Salamanders of the Pacific Northwest Lowlands



x Northwestern Salamander Ambystoma gracile 

Identifying Features: Brown, shows distinct ribs called Costal grooves, and has oval shaped bumps just behind the eye.

This Salamander lays huge egg masses in early March which are the size of softballs and remain firm until they hatch. The eggs are tiny when they are laid but absorb  water and swell.

This salamander is in the Mole salamander family and they are often found underground in shallow burrows. The larvae live in water for an entire year and metamorphose the spring after hatching.  When disturbed they may emit a milky substance from the glands behind the eye which is not particularly toxic to humans but you do not want to get this in your eyes.
Long-toed Salamander  Ambystoma macrodactylum

Identifying Features: This salamander is shiny and has white speckling along its sides. It often has a yellowish, irregular stripe on the top of the back.  Its fourth toe on the hind foot is substantially longer than the other toes.

This is the earliest breeding of the salamanders of our area, it migrates to ponds in December and lays eggs in January. The adults move out of water pretty much as soon as they are done with egg laying and can be found under logs or rocks. Like all salamanders they are predators on small invertebrates.  In the lowlands the larvae metamorphose into adults by Fall.

Ensatina  Ensatina escholtzii

Identifying Features: Slender orange/brown salamander with big eyes. The legs are often translucent and there is a noticeable constriction at the base of the tail.

This little Salamander has no lungs, so it breathes through its skin. It lives under old logs and boards that have a high moisture content. They lay their  eggs in the summer in protected covered areas and the female stays nearby and will curl around them to protect them, the only amphibian to care for its young.  The males do an elaborate courtship "dance" and after several hours will deposit a spermatophore which the female picks up.  If roughly handled they will exude a milky poison which is not toxic to humans but you do  not want to get this in your eyes. Also, the tail can break off, and when it does it twitches, hopefully catching the attention of the predator while the tail-less salamander crawls to safety. It takes a couple of years to replace the tails and sometimes you can find this species with a odd, short tail as it grows a new one.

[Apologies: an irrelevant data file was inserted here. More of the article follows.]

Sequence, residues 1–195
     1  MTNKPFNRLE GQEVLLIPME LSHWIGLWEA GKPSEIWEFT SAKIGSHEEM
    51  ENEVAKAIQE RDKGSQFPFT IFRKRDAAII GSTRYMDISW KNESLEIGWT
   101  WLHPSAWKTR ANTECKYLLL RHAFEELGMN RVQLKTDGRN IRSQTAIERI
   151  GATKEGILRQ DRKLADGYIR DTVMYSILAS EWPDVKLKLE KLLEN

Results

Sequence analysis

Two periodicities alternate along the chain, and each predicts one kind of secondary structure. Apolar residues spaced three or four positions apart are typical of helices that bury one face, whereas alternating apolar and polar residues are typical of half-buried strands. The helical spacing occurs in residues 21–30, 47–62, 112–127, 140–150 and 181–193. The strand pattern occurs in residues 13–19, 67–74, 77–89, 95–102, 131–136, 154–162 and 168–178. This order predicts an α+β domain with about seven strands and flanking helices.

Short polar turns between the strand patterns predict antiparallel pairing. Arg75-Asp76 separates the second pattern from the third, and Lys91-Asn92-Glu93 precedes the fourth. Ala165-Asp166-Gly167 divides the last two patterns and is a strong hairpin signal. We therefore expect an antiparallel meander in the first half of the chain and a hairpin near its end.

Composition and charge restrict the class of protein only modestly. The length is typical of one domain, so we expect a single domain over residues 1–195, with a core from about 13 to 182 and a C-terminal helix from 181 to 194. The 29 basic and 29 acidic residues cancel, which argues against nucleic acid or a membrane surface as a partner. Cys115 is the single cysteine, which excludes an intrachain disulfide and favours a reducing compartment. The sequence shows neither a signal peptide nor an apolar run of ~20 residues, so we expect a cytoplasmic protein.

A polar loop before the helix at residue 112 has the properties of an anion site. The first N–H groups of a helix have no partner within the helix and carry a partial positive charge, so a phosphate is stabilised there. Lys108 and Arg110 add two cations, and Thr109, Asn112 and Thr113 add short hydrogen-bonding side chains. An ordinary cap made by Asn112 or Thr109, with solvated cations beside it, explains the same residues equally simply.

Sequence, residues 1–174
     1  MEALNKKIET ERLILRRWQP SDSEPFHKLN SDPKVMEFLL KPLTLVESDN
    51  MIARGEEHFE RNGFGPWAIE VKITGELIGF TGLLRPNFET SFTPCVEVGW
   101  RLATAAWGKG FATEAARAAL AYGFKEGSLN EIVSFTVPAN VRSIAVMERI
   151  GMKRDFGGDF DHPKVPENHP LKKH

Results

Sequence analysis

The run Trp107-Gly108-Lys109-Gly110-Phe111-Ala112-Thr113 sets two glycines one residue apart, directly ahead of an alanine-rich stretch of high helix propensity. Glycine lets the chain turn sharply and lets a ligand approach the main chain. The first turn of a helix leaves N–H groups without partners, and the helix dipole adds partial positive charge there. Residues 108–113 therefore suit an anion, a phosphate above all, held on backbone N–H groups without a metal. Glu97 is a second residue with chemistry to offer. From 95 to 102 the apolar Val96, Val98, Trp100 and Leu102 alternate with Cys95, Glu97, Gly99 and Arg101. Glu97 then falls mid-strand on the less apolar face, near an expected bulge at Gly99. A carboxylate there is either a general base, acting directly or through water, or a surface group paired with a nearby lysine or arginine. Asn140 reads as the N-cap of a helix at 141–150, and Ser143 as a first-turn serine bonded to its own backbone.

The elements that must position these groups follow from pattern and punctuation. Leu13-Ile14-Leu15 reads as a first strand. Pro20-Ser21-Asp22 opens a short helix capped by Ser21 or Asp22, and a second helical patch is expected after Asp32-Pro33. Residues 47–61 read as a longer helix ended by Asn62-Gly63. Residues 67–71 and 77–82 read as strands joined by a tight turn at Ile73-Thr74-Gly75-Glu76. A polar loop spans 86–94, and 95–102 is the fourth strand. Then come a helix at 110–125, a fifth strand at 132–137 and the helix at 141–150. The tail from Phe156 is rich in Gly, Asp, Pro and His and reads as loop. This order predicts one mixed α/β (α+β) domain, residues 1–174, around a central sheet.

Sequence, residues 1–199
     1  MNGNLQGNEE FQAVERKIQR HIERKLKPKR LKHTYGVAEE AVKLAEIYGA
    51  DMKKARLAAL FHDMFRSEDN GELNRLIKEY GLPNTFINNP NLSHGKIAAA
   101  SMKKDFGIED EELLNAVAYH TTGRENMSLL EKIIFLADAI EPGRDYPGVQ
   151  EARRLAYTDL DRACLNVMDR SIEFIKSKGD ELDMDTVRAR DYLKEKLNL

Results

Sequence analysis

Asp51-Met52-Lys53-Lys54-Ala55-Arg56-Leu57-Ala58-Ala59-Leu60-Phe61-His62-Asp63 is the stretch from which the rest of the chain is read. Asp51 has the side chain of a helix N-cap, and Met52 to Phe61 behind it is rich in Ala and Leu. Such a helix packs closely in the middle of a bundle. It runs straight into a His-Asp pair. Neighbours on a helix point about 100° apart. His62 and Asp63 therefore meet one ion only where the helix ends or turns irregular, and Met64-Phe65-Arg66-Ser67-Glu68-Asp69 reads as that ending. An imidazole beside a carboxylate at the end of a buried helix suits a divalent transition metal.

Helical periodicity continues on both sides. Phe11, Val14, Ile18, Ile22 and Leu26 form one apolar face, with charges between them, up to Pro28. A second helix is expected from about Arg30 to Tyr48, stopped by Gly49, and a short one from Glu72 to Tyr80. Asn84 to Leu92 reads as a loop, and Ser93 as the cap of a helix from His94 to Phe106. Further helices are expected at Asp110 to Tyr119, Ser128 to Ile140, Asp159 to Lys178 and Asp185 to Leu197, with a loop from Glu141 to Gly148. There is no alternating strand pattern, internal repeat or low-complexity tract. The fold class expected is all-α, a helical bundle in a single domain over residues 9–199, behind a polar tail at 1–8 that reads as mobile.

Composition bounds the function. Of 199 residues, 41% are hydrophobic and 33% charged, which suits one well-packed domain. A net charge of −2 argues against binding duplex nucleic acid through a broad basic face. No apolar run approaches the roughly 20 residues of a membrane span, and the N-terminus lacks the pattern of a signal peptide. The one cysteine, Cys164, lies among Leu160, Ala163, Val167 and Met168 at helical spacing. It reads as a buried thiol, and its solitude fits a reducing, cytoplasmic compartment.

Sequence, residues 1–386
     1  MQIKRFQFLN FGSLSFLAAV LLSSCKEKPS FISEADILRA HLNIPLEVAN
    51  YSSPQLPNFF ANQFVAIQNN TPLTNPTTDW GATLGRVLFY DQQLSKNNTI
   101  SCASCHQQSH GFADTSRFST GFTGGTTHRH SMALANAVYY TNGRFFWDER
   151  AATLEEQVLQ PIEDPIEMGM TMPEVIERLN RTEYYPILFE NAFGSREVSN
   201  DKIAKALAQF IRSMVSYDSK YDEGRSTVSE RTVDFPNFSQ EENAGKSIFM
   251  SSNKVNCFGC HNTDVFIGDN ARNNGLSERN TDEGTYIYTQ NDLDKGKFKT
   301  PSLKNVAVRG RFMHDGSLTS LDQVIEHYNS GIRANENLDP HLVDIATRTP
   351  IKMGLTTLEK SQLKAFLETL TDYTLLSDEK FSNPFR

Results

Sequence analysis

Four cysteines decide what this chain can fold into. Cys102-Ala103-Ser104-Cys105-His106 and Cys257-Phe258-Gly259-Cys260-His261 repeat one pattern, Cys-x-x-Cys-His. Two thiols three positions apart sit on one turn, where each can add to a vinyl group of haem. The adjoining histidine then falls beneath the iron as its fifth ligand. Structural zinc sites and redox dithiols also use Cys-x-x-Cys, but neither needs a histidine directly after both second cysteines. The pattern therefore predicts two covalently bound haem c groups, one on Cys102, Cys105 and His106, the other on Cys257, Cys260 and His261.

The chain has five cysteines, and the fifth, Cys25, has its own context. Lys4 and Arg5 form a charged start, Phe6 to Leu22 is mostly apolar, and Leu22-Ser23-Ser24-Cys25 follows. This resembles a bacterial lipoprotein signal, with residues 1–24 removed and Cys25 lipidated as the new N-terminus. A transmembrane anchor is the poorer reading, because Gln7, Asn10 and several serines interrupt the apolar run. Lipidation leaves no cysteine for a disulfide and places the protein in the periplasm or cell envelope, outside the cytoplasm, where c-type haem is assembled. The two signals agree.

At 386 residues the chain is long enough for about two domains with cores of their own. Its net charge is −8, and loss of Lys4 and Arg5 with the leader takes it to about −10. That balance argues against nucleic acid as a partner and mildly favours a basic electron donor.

Rough-skinned newt  Tarcha granulosa

Identifying Features:  Dry, rough brown skin, undersides yellow orange.

The first warm rainy night in March look for this creature as it migrates, sometimes by the hundreds to its breeding ponds.  They wander widely when not in water, but return each year to the pool of their birth.  The larvae metamorphose into adults in late summer.  If handled roughly they will emit a white milky substance, and this is a highly potent neurotoxin that you do not want to ingest or get in your eyes.  Sometimes when provoked this species will lift up its head and tail, showing the orange undersides as a warning of its poisonous nature.


Western Red-backed Salamander  Plethodon  vehiculum

Identifying Features: Broad, even edged yellow or reddish stripe on the back.

This Salamander has no lungs and breaths through its skin. It lives its entire life in the forest staying close to fallen logs or stumps, rarely venturing more than a few yards from its home. It is mostly nocturnal in habits and on rainy, warm fall nights it ventures out in search of mates.  The male leaves a spermatophore on the ground which the female picks up. Eggs are laid  singly the following spring in moist rotting logs.  The young have no larval stage, and come out of the eggs fully formed as miniature adults.